Priest shortage presents ‘great challenges’ in Ireland

Ireland shortage of priests

The Archbishop of Dublin has acknowledged that his diocese, the largest in Ireland, is facing “great challenges” due to a shortage of priests.

Archbishop Dermot Farrell (pictured) has pledged to respond “positively and swiftly” to new proposals put forward by his parishes to deal with the challenge.

“We face a particular challenge in the shortage of priests to minister to our parish communities — communities which themselves are very different from even one generation ago,” he said.

At Mass in Dublin’s Pro Cathedral he said that, as bishop of the diocese, it was his strong conviction that “we are not called to be passive in the face of changes which imperil the three-fold mission with which we have been entrusted, but together to shape our future in the light of the gospel”.

Archbishop Farrell announced that he is putting in place formation programmes to support those who are willing to undertake leadership and ministry in new ways, working alongside our priests and deacons in the pastoral leadership of our parishes.

He invited women and men who feel called to ministry to train as lectors, acolytes and catechists.

He also pledged to appoint where necessary pastoral leaders – deacons, religious and lay people – when parishes cannot have a resident priest, to support the priest who will have pastoral responsibility for that parish. This voluntary service will be supported by the pastoral workers in the diocese.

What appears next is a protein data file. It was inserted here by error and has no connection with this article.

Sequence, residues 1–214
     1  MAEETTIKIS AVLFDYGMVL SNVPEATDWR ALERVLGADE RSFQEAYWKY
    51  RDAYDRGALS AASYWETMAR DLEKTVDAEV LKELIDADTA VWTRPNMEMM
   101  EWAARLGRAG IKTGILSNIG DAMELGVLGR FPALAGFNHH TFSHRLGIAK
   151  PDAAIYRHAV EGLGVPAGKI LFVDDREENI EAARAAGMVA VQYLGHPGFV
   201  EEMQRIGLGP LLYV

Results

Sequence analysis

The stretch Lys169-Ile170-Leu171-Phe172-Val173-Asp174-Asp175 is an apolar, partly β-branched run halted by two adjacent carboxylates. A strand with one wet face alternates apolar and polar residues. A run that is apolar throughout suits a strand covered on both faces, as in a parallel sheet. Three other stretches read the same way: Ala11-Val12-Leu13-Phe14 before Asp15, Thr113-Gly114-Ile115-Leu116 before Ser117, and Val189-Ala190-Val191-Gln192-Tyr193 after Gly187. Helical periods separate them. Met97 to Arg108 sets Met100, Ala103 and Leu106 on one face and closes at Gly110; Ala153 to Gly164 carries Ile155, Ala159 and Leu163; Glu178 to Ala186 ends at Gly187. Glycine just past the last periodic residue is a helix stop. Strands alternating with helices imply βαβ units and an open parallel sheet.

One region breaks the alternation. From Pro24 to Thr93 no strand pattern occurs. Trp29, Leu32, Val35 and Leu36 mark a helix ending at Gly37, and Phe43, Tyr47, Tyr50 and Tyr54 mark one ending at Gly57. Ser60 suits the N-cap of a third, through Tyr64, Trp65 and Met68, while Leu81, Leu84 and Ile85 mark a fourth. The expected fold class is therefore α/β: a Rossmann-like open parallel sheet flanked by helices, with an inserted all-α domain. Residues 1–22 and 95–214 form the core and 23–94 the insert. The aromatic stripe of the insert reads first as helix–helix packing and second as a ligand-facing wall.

“It is my pastoral responsibility as bishop to do this – for the sake of the gospel and for the sake of the People of God. Christ brought his disciples along a new way. He calls us to find a new way in our time.”

He said his call to the diocesan family was to embrace what Pope Francis calls Christian risk.

“It is a call to ensure that the way the Church is organised, our structures or our pastoral certainties, do not restrict our mission in the twenty-first century.

“To do so would be to impose the old solutions on new problems, that is, to use second-hand solutions which appear tried and tested, but which in the end are tired and superficial.”


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